Seeing a health care provider is important to diagnose gastritis. Your doctor will ask about your current symptoms, medical history, and if you’re taking any medications currently.

It is important for your physician to know about any habits that may be associated with gastritis, such as alcohol intake, cigarette smoking, and other lifestyle issues.

Your doctor may recommend a variety of different tests in order to rule-out certain medical conditions that can be mistaken for gastritis.

Diagnosis tests may include:

  • An electrocardiogram (ECG) to explore for chest pains or rapid heart beat
  • Blood cell counts (to test for anemia / low blood count)
  • Kidney, liver, and pancreas related blood tests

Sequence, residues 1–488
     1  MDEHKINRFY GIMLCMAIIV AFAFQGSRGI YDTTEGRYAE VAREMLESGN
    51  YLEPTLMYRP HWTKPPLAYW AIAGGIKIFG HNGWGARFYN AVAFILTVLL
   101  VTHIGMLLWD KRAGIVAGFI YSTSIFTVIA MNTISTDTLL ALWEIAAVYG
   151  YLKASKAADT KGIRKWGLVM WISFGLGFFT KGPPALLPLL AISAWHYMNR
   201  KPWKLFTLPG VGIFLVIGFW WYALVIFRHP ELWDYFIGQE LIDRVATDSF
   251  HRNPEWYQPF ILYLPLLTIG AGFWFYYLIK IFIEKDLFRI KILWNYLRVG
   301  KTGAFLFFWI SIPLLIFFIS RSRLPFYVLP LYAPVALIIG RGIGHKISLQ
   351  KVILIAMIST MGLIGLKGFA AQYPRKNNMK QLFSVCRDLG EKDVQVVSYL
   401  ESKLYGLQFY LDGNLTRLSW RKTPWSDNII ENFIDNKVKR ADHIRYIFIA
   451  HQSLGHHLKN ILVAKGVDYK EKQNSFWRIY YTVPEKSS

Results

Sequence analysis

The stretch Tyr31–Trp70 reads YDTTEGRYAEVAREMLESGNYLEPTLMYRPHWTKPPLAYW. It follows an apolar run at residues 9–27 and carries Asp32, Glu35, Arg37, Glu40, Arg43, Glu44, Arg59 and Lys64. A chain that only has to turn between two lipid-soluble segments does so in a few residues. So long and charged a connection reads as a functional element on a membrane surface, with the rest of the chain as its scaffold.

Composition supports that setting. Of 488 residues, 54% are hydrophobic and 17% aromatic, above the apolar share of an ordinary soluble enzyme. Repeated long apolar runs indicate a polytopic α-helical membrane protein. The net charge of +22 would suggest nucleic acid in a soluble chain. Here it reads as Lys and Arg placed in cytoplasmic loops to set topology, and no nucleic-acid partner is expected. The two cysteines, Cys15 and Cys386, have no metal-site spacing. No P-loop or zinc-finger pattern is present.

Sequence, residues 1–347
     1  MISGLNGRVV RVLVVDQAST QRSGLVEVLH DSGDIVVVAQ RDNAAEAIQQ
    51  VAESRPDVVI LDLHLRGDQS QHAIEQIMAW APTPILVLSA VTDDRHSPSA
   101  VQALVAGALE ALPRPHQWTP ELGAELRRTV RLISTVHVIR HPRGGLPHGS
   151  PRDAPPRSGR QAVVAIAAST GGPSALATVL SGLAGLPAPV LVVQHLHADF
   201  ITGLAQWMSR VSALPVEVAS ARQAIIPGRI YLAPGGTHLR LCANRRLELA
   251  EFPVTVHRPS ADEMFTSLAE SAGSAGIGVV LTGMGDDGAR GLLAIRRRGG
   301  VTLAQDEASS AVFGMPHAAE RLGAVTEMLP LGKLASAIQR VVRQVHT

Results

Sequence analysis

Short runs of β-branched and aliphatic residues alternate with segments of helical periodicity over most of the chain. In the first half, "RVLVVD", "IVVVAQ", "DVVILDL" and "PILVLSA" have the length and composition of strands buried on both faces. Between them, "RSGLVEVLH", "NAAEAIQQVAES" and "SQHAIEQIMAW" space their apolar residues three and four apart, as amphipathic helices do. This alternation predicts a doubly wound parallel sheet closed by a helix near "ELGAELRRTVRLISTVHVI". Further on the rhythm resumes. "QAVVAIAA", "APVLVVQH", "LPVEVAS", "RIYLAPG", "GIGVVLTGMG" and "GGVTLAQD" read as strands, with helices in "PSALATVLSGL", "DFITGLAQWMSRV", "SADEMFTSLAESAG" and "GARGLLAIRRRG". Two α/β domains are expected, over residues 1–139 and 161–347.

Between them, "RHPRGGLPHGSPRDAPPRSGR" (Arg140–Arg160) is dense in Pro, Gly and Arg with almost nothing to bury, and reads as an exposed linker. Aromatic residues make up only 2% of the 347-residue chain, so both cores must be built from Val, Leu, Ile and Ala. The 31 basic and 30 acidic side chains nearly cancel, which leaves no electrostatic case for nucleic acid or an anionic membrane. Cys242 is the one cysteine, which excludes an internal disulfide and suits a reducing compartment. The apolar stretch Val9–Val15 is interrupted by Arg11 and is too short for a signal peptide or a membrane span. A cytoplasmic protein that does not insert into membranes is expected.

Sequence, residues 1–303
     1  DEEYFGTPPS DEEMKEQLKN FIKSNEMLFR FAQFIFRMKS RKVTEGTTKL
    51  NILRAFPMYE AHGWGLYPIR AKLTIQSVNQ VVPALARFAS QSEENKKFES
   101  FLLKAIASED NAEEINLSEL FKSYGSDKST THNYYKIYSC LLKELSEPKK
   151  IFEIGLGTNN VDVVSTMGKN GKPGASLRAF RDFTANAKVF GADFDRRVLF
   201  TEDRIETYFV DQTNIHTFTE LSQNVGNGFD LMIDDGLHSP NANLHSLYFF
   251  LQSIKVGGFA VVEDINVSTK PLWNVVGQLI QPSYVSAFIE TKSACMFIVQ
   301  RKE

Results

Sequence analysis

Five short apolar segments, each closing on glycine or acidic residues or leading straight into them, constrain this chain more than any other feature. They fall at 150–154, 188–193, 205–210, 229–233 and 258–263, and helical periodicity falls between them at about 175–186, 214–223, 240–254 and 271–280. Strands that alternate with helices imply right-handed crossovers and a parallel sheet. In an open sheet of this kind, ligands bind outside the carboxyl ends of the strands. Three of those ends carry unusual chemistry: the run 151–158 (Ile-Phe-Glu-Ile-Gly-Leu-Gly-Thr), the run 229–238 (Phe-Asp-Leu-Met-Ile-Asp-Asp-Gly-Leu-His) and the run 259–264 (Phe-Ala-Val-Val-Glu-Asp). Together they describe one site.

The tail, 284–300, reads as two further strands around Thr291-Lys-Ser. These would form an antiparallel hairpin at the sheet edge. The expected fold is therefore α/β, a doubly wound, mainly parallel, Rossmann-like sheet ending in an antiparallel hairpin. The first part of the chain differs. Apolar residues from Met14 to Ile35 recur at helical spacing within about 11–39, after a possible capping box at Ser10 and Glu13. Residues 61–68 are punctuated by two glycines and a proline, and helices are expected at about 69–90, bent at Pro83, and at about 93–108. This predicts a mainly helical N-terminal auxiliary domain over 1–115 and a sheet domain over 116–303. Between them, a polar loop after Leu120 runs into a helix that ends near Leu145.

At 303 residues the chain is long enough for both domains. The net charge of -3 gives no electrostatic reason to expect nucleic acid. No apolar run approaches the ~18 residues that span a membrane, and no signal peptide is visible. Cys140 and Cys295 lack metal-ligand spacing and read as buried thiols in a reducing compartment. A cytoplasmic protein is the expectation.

• Pregnancy test
  • Stool tests (to check for blood or certain infections)
  • Tests for H. pylori – urea breath test, stool antigen, and/or blood antibody
  • Urinalysis

A gastroenterologist may order additional diagnostic tests:

  • Upper gastrointestinal endoscopy to examine the stomach lining, and extracts a tissue sample (a biopsy) to help diagnose if gastritis is present.
  • X-ray of the esophagus, stomach, and duodenum after ingesting liquid barium to coat the stomach lining. The barium coating gives a clear X-ray of the affected area.
  • Ultrasound to evaluate the gallbladder, liver and various parts of the pancreas.

Gastritis Treatment

H. Pylori Infection Prevention and Treatment

Treatment for gastritis involves removing the irritant causing the inflammation. For example, if you have an H. pylori infection, your doctor will first prescribe medication to clear the bacteria.